Context In the United States, 10% of the population was born outside of its
borders. Immigrants and their children frequently return to visit their homeland,
referred to as visiting friends and relatives (VFRs). They account for a disproportionately
high volume of international travel.
Evidence Acquisition Searches of MEDLINE, World Health Organization, Centers for Disease
Control and Prevention, International Society of Travel Medicine, and American
Society of Tropical Medicine computerized databases, conference proceedings
and abstracts, US Census Bureau, bibliographies of pertinent articles, and
travel medicine texts. Priority was given to recent (1996-2003) evidence,
addressing VFR travelers. General sources including travel medicine and immigrant
health were also used.
Evidence Synthesis Immigrants visiting friends and relatives experience excessive rates
of travel-related morbidity and mortality. Lack of pretravel care is common
due to patient and clinician barriers to care, preexisting health beliefs,
and incomplete childhood vaccinations. Travel patterns increase risk with
VFRs traveling to high-risk destinations. Susceptibility to infectious and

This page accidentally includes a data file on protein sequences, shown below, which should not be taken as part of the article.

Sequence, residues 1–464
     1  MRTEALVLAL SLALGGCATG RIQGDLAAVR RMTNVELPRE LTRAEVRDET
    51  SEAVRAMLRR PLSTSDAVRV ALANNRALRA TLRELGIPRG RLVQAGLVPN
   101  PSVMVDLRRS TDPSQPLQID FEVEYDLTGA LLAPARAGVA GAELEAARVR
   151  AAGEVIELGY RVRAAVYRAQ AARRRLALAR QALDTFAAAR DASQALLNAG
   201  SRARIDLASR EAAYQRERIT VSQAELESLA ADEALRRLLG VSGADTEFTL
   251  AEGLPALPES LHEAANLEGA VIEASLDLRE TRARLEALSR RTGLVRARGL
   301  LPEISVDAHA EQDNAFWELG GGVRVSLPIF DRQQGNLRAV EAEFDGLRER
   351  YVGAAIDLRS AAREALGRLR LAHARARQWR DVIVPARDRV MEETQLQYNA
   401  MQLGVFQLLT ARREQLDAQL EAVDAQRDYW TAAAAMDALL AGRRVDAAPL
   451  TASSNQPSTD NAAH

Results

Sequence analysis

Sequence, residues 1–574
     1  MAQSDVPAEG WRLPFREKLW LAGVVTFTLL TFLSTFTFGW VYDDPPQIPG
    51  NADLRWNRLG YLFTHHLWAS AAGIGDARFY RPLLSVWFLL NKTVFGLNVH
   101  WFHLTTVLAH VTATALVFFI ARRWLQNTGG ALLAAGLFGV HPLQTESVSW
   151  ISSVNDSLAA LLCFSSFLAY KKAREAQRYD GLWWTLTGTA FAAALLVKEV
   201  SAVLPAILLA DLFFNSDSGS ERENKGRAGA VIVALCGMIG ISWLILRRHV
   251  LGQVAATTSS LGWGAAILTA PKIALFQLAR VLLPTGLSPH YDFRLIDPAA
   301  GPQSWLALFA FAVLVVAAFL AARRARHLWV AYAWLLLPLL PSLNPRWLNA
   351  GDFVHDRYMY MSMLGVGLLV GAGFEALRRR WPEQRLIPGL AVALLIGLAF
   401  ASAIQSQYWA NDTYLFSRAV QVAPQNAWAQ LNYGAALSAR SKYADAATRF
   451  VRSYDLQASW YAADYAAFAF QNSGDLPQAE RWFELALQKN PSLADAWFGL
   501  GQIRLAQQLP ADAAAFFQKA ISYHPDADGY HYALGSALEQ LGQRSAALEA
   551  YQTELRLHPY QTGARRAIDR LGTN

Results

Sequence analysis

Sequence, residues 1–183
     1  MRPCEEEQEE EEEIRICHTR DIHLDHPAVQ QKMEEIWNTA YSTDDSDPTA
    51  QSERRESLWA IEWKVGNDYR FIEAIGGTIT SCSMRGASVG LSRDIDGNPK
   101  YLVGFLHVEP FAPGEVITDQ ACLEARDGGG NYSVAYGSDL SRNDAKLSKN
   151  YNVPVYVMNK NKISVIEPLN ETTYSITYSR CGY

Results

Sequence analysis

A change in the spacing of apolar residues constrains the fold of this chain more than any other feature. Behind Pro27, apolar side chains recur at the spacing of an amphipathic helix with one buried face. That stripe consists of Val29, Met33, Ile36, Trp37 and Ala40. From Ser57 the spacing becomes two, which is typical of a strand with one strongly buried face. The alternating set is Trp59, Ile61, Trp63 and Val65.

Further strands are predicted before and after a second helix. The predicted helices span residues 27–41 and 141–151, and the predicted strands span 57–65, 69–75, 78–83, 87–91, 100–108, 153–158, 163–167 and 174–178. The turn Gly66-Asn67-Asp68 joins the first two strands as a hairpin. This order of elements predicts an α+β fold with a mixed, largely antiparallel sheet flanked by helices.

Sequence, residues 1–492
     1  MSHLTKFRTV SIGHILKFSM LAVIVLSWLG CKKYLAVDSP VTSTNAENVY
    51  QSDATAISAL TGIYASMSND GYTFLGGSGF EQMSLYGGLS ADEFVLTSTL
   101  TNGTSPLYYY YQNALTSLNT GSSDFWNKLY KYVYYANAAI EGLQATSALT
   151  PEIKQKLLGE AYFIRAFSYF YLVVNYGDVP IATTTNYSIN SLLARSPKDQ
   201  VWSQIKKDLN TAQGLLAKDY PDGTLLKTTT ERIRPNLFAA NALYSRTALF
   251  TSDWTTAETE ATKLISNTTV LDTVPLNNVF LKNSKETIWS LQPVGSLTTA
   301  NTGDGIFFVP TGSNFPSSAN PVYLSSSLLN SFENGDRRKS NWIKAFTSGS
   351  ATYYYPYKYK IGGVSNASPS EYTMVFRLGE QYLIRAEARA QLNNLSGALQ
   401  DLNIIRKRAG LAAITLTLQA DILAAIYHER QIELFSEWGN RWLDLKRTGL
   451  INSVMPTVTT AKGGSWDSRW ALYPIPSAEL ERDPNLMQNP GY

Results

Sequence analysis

noninfectious illnesses is often increased because of multiple preexisting
medical problems and extremes of age. Infectious diseases differ in etiology
and magnitude from those of traditional travelers. For example with malaria,
VFRs are frequently prescribed inappropriate prophylaxis or take none at all,
have longer stays, spend time in high-risk areas, and do not appropriately
adhere to chemoprophylaxis regimens. Effective pretravel health advice, guidelines,
and services for this high-risk population are essential. There are already
a number of useful and readily available databases that may aid clinicians
in providing optimal travel-related preventive and therapeutic care.
Conclusions Immigrants who are visitors of friends and relatives in other countries
account for a high volume of international travelers and are at markedly increased
risk of travel-related illness. New strategies are needed to properly address
the needs of VFR travelers. Pretravel services should be convenient, accessible,
affordable, culturally competent, and if possible, located within clinics
serving immigrant populations. Clinicians caring for VFRs should be knowledgeable
about their travel-related risks and have access to regularly updated, detailed
pretravel health information.